A Side to ‘Freedom’ Worth Considering

Those of us spoiled to a particular concept of freedom and the fear it’s coming unravelled might be well served to read Papillon once in a while.  I didn’t mention it in my review of it here, but I should have:  Papillon.

From one perspective the entire book is about freedom of a sort we, confined to our mental boxes containing what freedom is, refuse to acknowledge exists, can exist, for ourselves and those around us.  It’s the story by Henri Charriere of his own life, searching and occasionally finding that kind of freedom while trapped in an environment few slaves in history could match for savagery endured.  A deliberate, carefully devised savagery imposed by a modern, civilized nation.

A nation, I’ll add, not too unlike our own.

But what I intended to say about Papillon this post is one of the corner-of-the-eye aspects of freedom and Charriere’s finding of it during the most trying of times.  Once when he was in solitary confinement so severe as to be intended to drive him insane, to break him, destroy him.  Another when he was confined to a boat with other escapees mid-ocean.

These shreds of rhetorical freedom we savor can be unravelled like a wool sweater with a touch of pen to paper.  The freedom Charriere describes are immune to confiscation.   But they’re the responsibility of each of us to find within ourselves.  Nobody’s capable of giving them to us by signing a paper.  We can’t win them by force of arms by storming a Bastille, or Winter Palace.

The winds of history are eroding away those easy freedoms written on parchment and signed into some illusion of reality for most of the citizenry.  That’s happening and there aren’t any heroes likely to ride in on white horses, nor White Houses to save them. 

But we don’t have to allow ourselves the anguish of loss.  A piece of each of us lives outside the rules and the rule-makers, the savages, the rapacious Viking kings of government and finance.

Maybe the starting place for finding real freedom requires losing the illusion that Viking kings can give it to us and take it away.

Choose Something Like a Star


 Choose Something Like a Star

by Robert Frost – 1947

O Star (the fairest one in sight),
We grant your loftiness the right
To some obscurity of cloud –
It will not do to say of night,
Since dark is what brings out your light.
Some mystery becomes the proud.
But to be wholly taciturn
In your reserve is not allowed.

Say something to us we can learn
By heart and when alone repeat.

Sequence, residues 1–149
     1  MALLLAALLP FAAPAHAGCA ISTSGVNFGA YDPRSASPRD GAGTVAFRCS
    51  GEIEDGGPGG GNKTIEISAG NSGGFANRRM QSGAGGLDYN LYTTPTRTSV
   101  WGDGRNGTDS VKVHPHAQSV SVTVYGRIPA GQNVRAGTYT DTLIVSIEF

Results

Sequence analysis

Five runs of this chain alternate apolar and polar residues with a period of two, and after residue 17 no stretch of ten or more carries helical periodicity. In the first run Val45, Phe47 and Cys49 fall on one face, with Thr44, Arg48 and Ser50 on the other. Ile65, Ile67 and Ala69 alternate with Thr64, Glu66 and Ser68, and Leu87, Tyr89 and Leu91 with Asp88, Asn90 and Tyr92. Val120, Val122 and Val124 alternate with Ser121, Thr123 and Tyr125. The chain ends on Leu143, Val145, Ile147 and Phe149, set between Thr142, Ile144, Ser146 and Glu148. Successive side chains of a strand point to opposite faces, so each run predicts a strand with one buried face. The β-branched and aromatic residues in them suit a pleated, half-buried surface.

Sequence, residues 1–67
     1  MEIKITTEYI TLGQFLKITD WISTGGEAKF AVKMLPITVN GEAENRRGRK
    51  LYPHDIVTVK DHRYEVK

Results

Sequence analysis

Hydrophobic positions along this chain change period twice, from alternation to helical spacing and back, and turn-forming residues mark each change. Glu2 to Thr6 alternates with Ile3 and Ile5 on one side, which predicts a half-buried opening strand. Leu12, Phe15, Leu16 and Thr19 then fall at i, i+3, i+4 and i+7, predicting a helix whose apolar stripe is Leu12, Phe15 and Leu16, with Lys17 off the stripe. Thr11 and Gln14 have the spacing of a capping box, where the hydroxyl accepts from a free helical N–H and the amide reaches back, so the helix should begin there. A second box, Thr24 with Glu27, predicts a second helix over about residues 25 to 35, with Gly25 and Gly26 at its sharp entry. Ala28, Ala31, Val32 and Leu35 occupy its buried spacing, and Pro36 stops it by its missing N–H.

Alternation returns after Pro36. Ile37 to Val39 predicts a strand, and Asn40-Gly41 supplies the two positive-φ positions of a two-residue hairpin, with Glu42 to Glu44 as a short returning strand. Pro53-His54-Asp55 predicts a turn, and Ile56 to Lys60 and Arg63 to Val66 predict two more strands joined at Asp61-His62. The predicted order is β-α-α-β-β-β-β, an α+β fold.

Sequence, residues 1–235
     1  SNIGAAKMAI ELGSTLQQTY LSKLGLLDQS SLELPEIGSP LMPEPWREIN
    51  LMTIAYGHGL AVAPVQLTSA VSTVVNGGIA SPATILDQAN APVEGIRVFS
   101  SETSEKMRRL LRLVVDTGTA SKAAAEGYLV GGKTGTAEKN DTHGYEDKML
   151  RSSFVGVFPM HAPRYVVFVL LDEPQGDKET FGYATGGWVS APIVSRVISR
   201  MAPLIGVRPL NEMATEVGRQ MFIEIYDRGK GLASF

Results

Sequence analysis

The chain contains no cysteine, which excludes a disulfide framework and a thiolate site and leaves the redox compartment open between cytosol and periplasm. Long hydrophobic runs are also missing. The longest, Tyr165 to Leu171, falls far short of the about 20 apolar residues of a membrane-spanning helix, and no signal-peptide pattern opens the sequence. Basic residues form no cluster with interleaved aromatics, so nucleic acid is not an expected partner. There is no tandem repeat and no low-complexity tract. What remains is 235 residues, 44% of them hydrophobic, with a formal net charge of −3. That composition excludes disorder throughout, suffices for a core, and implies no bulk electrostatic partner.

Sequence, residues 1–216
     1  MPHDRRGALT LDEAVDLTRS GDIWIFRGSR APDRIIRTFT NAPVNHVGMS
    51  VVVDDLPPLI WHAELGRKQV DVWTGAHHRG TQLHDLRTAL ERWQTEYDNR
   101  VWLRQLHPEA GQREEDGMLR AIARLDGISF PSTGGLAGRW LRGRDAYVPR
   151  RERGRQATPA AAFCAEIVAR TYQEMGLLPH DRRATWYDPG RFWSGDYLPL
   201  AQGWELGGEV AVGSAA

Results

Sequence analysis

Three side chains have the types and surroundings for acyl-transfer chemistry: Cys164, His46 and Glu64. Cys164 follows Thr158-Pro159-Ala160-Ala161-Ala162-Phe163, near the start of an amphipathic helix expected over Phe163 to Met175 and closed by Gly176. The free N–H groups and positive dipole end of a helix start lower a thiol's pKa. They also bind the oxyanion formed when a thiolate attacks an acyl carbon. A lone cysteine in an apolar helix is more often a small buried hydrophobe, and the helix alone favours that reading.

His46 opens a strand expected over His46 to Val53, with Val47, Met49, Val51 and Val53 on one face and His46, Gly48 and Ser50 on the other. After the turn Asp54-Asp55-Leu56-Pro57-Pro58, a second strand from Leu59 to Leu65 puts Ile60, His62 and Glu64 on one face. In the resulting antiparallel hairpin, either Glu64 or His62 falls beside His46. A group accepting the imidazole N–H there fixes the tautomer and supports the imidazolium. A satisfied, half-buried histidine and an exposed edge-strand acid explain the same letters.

Say something! And it says “I burn.”
But say with what degree of heat.
Talk Fahrenheit, talk Centigrade.
Use language we can comprehend.
Tell us what elements you blend.

It gives us strangely little aid,
But does tell something in the end.
And steadfast as Keats’ Eremite,
Not even stooping from its sphere,
It asks a little of us here.
It asks of us a certain height,
So when at times the mob is swayed
To carry praise or blame too far,
We may choose something like a star
To stay our minds on and be staid.

It isn’t as though you have a more favorable alternative.

Old Jules

12 responses to “A Side to ‘Freedom’ Worth Considering

  1. VERY well put. You’ve certainly convinced me to add that book to my reading list.

  2. Those hubbell images area amazing! Thanks for sharing that.

  3. It just makes sense that you favor Robert Frost.

    Exceptionally uplifting post.

  4. Hey there Old Jules, I just had to go back and read your August 2011 post before commenting and I am glad I did. A bit of learning took place. If my next book hunting trip yields a copy of Papillon, I’ll have you to thank for it.

  5. Was it Huey Newton who said ‘free your mind, ass will follow’?
    I’m not sure but I agree with the basic idea.
    Slightly off topic, can I suggest a book you might like?
    The Cattle Truck by Jorge Semprun and Richard Seaver.
    On the face of it, it’s the story of a ‘Spanish Red’ who joins the FGrench Resistance and then gets sent across Nazi occupied Europe in (you guessed it) a cattle truck.
    Obviously there’s a lot more to it than that, and it’s a lot more positive than you might expect. I read it about twenty odd years ago and I still think about it from time to time. It’s a book that has a lot to say about how to stay sane and human in the face of insane and inhuman conditions. (Bit like ‘One Day in the Life of Ivan Denisovitch’ by Aleksander Solzhenitsyn in that rspect

  6. I haven’t read ‘Papillon’, but I loved the film.
    You reminded me of a quote, I think it comes from Huey Newton.
    ‘Free your mind, ass will follow’.
    Words to live by.
    Can I suggest ‘The Cattle Truck’ by Jorge Semprun and Richard Seaver?
    You can find it on Amazon and for a book about being sent to a concentration camp in an overcrowded cattle truck, it’s remarkably positive.
    I read it about twenty years ago and I still think about it from time to time.

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